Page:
Ukrainian live sex
Moldova (1%), Belarus (1.1%) and Ukraine (0.8-1.2%) also have significant numbers of this population.15 In Russia, roughly one in four (25.6%) people who inject drugs are living with HIV.16 However, there are significant geographical variations.
For example, a 2015 survey of people who inject drugs conducted in five Russian cities (Abakan, Barnaul, Volgograd, Naberezhnye Chelny, Perm) found that one in three people who inject drugs were living with HIV.17 HIV prevalence among people who inject drugs is also high in other countries, estimated at 30.8% in Belarus and 22.6% in Ukraine.18 HIV prevalence among women who inject drugs is higher than their male counterparts in Kazakhstan, Uzbekistan, Kyrgyzstan, Belarus, and Ukraine.19 Sex work is closely associated with injecting drug use in the region.
For example, in Russia in 2017, almost 69% of patients who started treatment in 2016 had CD4 cell counts below 350 cells per mm3.49 with late presentation rates as high as 60–80% reported in Georgia, and Albania.50 A 2018 analysis found overall percentages of late presentation and advanced disease in the region to be 40.3% and 25.4%, respectively.51 The main barriers to effective provision of HIV testing services in the region relate to a lack of community-based testing services and health professionals’ knowledge and attitudes.
In the same year, there were 38,000 AIDS-related deaths.3 By the end of 2018, 72% of people living with HIV were aware of their HIV status.4 The vast majority of people living with HIV in Eastern Europe and Central Asia live in Russia (70%), where new infections are on the rise, followed by Ukraine.New conservative legislation is placing additional restrictions on same-sex relationships, sex work and drug use, which could further prevent key populations accessing HIV services.Prevention programmes are under threat as international support for HIV responses decreases and domestic funding for HIV prevention fails to keep pace.10 38% of all people living with HIV were accessing ART in Eastern Europe and Central Asia at the end of 2018, one of the lowest coverage rates in the world.Among HIV positive men who have sex with men it ranges from 36% in Armenia to 69.7% in Azerbaijan.Among HIV positive people who inject drugs it ranges from 12.2% in Azerbaijan to 62.2% in Kazakhstan.48 Even where HIV testing is accessible, people are often diagnosed at a late stage of infection.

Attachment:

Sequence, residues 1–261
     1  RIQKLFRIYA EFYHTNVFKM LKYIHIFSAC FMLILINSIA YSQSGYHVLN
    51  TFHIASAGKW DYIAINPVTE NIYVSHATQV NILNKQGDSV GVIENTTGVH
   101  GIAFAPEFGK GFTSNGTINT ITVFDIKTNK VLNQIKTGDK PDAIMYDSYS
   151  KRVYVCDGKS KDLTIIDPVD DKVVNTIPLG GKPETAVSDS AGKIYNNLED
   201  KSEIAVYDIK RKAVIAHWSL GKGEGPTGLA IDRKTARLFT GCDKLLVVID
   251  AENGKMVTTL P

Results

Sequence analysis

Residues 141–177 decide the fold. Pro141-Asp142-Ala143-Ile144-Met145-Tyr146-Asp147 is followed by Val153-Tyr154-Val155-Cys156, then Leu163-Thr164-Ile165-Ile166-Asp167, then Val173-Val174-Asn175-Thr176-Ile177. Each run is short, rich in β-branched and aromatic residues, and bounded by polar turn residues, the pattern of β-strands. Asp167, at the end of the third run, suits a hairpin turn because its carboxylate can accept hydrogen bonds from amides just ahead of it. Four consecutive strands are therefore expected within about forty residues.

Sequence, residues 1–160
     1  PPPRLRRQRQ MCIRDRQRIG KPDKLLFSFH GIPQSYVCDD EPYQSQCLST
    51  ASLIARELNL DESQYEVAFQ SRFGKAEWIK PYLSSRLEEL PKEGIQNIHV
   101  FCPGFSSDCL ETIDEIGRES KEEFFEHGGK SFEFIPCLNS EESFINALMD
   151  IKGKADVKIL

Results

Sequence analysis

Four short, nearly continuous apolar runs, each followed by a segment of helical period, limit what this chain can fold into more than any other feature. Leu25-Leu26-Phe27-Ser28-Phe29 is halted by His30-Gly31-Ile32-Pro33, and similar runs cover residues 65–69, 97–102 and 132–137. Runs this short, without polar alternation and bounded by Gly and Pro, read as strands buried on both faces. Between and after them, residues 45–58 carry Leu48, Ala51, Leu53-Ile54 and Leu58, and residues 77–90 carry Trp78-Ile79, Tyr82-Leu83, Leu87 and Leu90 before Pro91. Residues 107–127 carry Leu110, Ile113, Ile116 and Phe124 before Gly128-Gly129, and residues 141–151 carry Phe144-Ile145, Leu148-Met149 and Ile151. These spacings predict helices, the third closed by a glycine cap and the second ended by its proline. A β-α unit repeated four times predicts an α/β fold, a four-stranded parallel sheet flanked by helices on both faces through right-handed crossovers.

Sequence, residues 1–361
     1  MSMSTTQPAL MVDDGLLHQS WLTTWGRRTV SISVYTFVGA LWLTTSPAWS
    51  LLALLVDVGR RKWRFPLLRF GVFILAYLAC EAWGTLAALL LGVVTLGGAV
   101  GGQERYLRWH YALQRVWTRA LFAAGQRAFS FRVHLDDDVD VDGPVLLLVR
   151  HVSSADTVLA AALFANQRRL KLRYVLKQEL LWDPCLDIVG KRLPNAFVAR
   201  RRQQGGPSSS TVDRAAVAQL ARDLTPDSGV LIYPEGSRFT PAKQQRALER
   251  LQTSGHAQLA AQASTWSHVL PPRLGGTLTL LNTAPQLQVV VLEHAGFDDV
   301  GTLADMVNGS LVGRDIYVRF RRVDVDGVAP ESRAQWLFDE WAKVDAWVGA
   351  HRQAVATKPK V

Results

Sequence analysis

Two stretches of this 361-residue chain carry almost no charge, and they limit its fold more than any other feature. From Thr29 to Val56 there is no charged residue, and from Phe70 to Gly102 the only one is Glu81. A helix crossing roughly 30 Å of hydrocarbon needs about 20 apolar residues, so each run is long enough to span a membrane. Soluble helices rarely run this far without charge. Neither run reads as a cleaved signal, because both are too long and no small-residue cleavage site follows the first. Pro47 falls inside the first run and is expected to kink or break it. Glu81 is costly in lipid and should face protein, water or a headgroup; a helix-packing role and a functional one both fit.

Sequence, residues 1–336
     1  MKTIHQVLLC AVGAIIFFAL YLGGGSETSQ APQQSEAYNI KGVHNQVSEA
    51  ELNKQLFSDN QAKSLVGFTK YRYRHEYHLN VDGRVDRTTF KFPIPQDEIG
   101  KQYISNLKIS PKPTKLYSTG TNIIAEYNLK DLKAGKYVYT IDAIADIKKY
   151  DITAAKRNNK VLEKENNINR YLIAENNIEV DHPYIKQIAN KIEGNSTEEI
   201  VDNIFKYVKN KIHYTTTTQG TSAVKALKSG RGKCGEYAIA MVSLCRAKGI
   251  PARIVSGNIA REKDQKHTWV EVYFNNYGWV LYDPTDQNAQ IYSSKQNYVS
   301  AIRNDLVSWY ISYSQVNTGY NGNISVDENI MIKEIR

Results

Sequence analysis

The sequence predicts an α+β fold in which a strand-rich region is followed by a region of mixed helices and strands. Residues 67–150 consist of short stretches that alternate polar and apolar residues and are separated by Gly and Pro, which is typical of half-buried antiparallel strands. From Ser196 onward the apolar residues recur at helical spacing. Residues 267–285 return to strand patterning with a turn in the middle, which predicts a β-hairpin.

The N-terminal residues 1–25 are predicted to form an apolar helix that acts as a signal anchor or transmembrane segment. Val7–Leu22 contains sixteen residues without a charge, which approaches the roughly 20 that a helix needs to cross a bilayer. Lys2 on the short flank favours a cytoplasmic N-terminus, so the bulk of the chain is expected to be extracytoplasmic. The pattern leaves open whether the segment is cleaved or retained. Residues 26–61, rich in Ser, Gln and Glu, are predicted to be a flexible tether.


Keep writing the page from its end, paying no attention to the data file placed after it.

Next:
According to country progress reports in eight countries, from 2.0% (in Tajikistan) to 11% (in Kyrgyzstan) of surveyed young people (aged 15–24) had sex before the age of 15.45 Among the 1.4 million people living with HIV in the region at the end of 2017, 73% were aware of their HIV status, an increase from 69% in 2016.46 However, while the overall number of annual HIV tests continues to increase, the proportion of tests among key populations is shrinking, declining from 4.5% of all HIV tests conducted annually in 2010 to 3.2% in 2016.47 Testing coverage is generally higher among sex workers and men who have sex with men, and lower among people who inject drugs, although it is still below advised levels across all key affected populations.